I started collecting feathers many years ago. I find them on paths in forests, along mountain trails, and beside lakes and streams. Like people discovering pennies and figuring them for good luck, I have always thought of feathers as some sort of blessing, a sign of good fortune or heavenly approval. It wasn’t until recently, however, that I considered them to be something more.
Every Sunday, as the pastor of a small church in Albuquerque, New Mexico, I am called upon to lead both a sermon for the adults and a sermon for the children. I usually try to shape them around the same Bible story or the same message. Recently, there were two Sundays that I talked about angels. One week I told the children about a man named Jacob who wrestled with an angel. His is the story of a guy on his way home to reconcile with an estranged brother and I told them that angels sometimes help us do the hard work of forgiveness and managing conflicts. The next Sunday I told the story of the prophet Elijah and how he ran in fear for his life until he fell exhausted in the desert, begging to die. I explained how an angel came to him bearing the gifts of cake and water and the presents of rest and refreshment. It was that Sunday and with that story that I decided to give away my feathers to the children, explaining to them how I loved to collect them and how they remind me of heavenly attention. “In fact,” I said, without much forethought, “When I see a feather, I think that an angel has passed by that place.”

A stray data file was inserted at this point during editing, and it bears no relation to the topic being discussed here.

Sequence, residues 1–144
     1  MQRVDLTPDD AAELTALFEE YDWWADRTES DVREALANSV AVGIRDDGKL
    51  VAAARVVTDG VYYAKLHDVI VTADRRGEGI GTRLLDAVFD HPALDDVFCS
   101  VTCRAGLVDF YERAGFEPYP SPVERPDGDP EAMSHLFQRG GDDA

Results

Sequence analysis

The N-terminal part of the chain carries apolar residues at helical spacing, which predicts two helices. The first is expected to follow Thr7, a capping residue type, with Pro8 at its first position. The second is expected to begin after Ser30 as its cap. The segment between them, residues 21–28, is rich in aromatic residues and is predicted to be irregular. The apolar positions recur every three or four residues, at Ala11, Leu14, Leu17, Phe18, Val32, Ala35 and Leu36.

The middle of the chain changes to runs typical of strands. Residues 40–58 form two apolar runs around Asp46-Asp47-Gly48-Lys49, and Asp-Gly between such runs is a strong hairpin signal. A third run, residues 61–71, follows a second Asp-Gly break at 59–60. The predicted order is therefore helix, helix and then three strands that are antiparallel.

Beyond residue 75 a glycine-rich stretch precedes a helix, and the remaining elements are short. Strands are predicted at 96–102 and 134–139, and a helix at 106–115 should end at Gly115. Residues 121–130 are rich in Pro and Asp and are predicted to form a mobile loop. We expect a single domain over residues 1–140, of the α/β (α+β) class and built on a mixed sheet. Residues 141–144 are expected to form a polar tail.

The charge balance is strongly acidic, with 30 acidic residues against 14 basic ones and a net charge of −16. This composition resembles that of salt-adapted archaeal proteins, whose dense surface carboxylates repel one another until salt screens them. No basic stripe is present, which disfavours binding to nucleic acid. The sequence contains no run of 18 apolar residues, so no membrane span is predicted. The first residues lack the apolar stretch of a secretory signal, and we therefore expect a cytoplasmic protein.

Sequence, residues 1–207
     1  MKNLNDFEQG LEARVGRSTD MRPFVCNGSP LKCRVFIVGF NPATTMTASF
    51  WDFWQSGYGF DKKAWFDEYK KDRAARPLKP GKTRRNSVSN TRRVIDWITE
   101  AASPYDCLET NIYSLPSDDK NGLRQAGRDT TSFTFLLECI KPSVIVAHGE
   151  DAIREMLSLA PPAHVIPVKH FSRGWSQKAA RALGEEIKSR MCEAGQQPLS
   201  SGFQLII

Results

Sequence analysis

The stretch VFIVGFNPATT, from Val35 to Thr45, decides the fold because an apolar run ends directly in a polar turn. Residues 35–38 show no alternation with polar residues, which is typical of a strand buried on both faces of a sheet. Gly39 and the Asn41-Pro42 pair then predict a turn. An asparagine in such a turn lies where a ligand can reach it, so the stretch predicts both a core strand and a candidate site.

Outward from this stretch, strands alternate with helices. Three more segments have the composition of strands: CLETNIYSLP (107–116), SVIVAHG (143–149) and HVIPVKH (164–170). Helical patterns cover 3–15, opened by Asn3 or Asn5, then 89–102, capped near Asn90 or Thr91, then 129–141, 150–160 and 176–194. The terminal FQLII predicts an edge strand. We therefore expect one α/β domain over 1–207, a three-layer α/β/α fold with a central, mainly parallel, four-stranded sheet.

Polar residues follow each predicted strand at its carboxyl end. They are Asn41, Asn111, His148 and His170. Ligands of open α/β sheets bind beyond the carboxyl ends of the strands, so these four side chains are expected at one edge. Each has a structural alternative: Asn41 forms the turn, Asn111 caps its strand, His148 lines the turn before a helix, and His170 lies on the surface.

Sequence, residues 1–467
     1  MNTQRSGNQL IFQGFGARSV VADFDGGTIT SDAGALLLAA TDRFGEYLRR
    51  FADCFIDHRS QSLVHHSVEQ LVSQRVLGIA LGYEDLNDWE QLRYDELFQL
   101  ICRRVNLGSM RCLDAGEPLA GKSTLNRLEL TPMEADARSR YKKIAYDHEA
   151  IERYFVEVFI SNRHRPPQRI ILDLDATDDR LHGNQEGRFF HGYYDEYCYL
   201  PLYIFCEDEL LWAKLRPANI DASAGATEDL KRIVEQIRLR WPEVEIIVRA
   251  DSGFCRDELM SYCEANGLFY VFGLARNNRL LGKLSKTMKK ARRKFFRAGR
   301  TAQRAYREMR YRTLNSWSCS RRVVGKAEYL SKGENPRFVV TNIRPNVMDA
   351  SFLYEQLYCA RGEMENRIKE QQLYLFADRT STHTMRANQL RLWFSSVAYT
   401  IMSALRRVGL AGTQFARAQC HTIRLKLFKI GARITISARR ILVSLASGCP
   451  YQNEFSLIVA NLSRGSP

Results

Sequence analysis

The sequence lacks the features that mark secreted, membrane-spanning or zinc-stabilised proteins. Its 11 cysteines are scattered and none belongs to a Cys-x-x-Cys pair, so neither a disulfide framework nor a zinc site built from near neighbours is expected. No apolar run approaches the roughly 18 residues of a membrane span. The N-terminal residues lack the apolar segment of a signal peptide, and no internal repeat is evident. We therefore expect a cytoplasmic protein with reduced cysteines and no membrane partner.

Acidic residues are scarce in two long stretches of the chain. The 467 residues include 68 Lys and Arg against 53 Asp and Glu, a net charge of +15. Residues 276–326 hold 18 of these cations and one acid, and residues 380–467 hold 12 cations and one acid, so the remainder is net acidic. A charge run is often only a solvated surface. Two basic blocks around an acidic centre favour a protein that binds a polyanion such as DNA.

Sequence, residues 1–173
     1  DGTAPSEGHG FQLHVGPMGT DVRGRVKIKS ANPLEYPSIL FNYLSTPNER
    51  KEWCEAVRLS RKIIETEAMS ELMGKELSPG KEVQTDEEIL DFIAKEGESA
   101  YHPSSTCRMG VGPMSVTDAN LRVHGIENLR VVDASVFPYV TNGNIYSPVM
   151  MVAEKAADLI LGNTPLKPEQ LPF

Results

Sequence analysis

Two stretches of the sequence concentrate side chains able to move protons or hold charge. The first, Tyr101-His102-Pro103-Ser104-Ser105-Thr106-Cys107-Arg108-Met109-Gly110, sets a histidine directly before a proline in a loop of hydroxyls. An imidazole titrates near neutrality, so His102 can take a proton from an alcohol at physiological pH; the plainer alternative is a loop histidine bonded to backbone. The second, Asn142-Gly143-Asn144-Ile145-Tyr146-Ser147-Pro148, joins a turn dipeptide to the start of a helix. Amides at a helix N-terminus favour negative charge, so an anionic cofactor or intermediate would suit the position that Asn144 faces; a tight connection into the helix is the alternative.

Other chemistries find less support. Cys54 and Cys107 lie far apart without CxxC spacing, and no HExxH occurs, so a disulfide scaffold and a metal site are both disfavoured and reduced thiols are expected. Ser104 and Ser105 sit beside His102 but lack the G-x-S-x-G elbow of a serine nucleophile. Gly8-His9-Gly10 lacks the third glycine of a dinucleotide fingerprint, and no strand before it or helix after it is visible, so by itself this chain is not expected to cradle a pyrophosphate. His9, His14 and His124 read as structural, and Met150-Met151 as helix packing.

Jimmy, a bright eight year old boy who comes to church every Sunday, likes feathers too. He took a couple of my long hawk feathers, tan with narrow brown streaks, their curved form, soft and smooth to the touch. Jimmy’s life is not an easy one. His mother, addicted to drugs, is in and out of trouble and in and out of unhealthy relationships. He was adopted by his great-grandmother when he was still a baby. Jimmy sometimes has trouble concentrating and staying on task. He also struggles with anger. The days before the beginning of the school year this summer were especially hard for Jimmy and his great-grandparents.
He started third grade a few days ago and his great-grandmother dropped by the office later in the week. “I walked with Jimmy to the bus stop the first day of school,” she reported. “While we waited for the bus he spotted a feather right at his feet. He believes an angel was there.”
I waited for the rest of the story. “He bent down and picked up the feather. ‘Why do you think an angel came here?’ He asked me.”
“And I told him, to make sure you had a good start to school. And then,” she said grinning, “he had the biggest smile I’ve ever seen.” She paused.
I knew trying to raise an eight year old was no easy task for my parishioner. I knew she was often tired and frustrated and that she was deeply afraid that she would not always be there for her young great-grandson. “I didn’t tell Jimmy what I really think,” she confessed.
“And what is that?” I asked, not exactly sure of what she was going to say.
“I think Jimmy and I are going to be okay,” she replied. “I think the angel really came for me.” And she drew in a deep breath, turned around, and left my office. And as she walked away, I thought I saw a feather drop from her fingers. And it was then that I realized that sometimes we merely find the signs of angels and sometimes, if we’re paying close attention, we catch a true glimpse of them before they slip away.